The leader of the resistance in the Senate is Edward J. Markey — at least when it comes to voting against the president's judicial nominees.
In 2019, the Massachusetts Democrat led his colleagues in their symbolic protest as President Donald Trump and Senate Majority Leader Mitch McConnell moved to reshape the ideological balance on the courts.
McConnell, R-Ky., dedicated an unprecedented amount of the Senate’s time to confirming judges last year, placing 105 of them on federal courts.
Markey voted “no” 87 times, far more often than the average of 54 times in the Democratic caucus. Never in modern U.S. history — and perhaps in all of it — has a senator cast so many “no” votes in a single year against a president’s judicial picks.
Markey says he did so because “Trump’s judicial nominees overwhelmingly have been inexperienced, unqualified and rigidly ideological.”
Beyond that, Markey faces a primary election on Sept. 1 that could end his more than four-decade career in Congress. His Democratic opponent, Rep. Joseph P. Kennedy III, is presenting himself as a more vigorous opponent of Trump.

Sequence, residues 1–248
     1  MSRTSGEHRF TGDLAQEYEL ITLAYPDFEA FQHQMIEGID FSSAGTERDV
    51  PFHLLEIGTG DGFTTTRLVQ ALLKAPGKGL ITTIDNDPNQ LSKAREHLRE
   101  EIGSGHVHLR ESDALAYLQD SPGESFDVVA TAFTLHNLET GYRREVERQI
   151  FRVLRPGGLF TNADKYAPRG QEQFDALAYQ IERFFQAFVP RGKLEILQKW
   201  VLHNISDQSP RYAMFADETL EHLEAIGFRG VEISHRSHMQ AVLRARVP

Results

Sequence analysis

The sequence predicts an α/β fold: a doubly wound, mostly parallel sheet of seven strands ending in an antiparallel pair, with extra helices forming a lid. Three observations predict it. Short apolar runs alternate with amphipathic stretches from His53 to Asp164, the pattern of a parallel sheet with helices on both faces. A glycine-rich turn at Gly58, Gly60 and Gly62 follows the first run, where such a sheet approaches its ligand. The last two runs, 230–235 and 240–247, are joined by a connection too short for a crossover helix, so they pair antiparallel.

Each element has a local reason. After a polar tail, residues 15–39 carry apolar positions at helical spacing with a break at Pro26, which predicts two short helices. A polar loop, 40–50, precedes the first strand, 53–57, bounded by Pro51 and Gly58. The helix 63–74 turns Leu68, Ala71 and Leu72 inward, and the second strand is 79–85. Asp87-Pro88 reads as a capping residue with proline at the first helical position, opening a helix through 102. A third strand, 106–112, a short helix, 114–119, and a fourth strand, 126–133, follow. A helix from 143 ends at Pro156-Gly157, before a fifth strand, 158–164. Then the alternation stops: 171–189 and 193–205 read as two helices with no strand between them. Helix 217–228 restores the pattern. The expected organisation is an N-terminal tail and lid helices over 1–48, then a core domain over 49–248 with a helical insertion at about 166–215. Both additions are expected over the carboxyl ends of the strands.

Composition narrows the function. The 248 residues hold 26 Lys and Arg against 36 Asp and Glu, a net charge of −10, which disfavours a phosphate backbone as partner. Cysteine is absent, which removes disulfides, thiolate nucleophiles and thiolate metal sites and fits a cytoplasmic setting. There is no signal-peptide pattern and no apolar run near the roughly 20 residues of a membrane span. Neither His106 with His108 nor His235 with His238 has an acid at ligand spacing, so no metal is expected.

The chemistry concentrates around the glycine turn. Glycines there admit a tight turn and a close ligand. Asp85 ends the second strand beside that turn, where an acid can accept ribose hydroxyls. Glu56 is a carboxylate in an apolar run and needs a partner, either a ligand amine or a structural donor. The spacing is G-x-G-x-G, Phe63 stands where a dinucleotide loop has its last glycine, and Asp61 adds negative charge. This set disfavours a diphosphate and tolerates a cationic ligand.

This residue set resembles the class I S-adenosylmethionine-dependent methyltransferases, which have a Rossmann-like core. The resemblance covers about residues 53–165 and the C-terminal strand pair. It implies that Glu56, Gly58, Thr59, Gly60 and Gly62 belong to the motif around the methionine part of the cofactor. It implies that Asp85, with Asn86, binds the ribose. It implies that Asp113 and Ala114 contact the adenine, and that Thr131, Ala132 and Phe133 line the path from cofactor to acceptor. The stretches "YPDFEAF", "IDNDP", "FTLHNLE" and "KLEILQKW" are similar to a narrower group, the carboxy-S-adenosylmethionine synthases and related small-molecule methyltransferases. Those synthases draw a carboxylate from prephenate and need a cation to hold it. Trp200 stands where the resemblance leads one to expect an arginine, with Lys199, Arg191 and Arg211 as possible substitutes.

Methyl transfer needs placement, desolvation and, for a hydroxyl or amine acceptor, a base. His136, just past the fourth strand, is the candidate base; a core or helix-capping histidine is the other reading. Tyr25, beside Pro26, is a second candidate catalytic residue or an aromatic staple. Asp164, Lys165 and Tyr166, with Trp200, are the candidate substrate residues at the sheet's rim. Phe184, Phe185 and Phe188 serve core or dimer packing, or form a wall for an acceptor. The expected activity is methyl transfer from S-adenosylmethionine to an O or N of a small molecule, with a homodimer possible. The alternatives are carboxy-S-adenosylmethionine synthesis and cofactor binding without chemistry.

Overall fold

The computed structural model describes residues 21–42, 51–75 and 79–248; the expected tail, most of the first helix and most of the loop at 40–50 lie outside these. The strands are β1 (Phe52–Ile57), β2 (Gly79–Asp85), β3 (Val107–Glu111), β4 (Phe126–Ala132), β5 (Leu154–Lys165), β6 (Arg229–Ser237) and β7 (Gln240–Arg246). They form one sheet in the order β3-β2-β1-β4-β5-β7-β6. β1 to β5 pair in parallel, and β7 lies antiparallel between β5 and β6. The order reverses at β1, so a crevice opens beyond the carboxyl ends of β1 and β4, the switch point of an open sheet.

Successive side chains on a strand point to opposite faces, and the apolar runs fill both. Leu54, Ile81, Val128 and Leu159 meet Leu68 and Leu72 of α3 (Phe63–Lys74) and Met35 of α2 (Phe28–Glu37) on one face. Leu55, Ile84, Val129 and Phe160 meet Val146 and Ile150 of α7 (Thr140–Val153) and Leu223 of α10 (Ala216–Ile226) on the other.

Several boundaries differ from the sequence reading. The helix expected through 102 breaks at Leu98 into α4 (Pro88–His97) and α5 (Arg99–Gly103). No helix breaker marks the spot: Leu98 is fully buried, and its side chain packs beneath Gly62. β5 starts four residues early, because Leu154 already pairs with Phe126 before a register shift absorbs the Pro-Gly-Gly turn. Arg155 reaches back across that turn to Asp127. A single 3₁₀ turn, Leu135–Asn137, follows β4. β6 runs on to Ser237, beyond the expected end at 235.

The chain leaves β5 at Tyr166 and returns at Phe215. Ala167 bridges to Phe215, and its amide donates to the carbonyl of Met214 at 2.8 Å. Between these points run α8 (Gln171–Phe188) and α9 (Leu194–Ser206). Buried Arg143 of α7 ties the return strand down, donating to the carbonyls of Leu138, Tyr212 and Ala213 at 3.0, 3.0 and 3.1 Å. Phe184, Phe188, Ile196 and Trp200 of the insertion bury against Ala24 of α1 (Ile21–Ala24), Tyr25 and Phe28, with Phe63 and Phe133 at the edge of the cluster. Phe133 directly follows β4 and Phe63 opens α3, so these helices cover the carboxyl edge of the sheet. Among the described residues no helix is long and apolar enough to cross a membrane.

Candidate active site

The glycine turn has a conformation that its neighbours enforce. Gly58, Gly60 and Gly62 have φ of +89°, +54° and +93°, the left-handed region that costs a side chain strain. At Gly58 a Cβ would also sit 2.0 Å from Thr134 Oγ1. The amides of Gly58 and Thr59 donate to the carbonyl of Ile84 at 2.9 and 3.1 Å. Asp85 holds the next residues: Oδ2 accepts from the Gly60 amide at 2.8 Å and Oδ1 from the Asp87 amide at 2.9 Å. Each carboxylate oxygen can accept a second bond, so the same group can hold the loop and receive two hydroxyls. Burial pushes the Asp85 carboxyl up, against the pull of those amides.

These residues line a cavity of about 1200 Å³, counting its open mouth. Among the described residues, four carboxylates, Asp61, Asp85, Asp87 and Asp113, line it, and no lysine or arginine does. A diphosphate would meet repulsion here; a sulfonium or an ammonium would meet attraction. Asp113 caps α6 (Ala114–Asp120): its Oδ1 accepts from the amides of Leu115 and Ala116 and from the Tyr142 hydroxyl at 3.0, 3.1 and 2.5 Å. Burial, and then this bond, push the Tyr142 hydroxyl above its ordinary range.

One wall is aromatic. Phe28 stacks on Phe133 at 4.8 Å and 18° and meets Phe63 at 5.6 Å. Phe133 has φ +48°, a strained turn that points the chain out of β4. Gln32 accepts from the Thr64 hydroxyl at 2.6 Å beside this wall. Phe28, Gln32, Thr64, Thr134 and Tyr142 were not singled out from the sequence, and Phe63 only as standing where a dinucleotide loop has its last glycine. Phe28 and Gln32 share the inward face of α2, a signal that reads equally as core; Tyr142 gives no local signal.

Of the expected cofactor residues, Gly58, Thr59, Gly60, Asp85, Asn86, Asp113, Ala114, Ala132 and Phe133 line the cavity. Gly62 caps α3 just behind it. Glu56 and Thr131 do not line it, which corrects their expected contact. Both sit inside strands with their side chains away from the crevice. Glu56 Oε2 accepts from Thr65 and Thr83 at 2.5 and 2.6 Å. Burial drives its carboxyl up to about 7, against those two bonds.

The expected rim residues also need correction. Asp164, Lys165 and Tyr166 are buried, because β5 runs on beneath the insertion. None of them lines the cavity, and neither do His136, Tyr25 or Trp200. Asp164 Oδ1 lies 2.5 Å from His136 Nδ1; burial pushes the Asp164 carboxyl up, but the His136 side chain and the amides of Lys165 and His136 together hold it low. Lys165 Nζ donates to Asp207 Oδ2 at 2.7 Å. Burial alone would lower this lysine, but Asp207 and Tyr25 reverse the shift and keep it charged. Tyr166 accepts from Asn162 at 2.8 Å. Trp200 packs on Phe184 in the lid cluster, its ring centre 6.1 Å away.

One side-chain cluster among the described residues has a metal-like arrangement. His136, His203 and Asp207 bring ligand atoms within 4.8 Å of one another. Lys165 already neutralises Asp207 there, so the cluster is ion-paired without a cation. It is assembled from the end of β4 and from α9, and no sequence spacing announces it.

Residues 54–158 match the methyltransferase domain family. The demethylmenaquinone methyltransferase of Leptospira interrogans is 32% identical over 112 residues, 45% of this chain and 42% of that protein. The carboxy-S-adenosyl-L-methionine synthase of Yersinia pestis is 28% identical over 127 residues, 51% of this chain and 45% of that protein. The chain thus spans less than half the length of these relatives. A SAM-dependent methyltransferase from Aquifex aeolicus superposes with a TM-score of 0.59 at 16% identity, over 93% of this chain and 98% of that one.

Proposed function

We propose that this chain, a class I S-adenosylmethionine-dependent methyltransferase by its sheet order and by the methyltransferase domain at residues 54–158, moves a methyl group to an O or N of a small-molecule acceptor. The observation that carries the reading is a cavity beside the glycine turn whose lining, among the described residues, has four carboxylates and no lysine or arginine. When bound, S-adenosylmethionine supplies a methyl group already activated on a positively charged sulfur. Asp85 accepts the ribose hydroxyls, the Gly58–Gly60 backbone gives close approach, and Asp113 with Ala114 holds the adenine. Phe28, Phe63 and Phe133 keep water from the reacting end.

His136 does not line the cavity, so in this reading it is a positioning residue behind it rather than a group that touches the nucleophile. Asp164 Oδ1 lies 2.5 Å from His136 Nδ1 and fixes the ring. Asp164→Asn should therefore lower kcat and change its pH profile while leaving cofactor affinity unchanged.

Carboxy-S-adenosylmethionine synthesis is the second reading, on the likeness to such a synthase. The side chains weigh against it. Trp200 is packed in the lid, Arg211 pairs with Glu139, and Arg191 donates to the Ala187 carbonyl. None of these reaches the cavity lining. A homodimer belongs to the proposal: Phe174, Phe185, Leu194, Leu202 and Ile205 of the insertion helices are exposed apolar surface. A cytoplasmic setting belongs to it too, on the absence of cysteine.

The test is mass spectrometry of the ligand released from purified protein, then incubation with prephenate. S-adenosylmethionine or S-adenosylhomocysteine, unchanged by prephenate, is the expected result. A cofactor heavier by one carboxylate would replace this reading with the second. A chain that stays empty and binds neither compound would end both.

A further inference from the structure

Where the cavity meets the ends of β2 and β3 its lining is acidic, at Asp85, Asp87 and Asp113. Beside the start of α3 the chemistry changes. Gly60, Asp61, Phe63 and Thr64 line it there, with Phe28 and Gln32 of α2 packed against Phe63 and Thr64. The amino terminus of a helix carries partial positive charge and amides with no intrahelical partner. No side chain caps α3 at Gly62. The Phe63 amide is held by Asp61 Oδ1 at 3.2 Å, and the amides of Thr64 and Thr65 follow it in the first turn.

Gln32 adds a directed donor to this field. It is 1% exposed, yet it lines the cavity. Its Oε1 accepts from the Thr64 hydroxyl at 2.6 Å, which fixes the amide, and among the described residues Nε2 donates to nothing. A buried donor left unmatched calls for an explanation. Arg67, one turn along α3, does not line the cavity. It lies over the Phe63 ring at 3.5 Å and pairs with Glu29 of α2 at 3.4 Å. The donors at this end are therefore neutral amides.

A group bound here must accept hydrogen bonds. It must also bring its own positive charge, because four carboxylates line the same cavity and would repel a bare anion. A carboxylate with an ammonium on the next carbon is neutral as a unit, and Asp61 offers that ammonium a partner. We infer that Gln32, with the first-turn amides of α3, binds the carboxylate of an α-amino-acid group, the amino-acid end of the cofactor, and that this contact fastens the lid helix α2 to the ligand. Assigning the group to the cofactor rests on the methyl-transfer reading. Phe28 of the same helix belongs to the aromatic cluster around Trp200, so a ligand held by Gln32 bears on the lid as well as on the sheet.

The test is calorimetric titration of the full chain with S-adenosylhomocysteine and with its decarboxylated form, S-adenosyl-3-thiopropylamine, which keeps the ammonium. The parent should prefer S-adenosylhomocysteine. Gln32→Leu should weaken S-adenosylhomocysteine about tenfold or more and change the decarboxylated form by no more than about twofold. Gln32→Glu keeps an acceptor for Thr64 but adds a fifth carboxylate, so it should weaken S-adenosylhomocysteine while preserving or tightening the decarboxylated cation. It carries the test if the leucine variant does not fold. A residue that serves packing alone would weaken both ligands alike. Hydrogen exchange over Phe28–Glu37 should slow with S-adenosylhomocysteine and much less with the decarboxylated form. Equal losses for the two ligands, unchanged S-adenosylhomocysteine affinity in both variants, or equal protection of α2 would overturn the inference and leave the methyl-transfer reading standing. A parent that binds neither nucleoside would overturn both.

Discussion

But in a Senate where Democrats were mostly united in opposition to Trump on policy matters in 2019, senators’ positions on judges clarified how much resistance they were willing to offer.
Those “no” votes had no chance of affecting the outcome, given the need only for a simple majority to confirm a judge in the GOP-controlled Senate. But those who voted “no” more often than not demonstrated that they believed Trump’s polarizing presidency required them to reject old Senate norms, which said that presidents should generally get their court picks.
Overall, Markey cast only five policy votes with Trump, seven in favor of Trump judicial nominees and eight for nominees to executive branch jobs. That placed him, with four missed votes, in opposition to Trump on 166 of 190 votes on which Trump expressed a preference. The senator who voted against Trump’s wishes second-most often was Oregon Democrat Jeff Merkley, who cast 145 votes in defiance of Trump overall, and 74 against judicial nominees.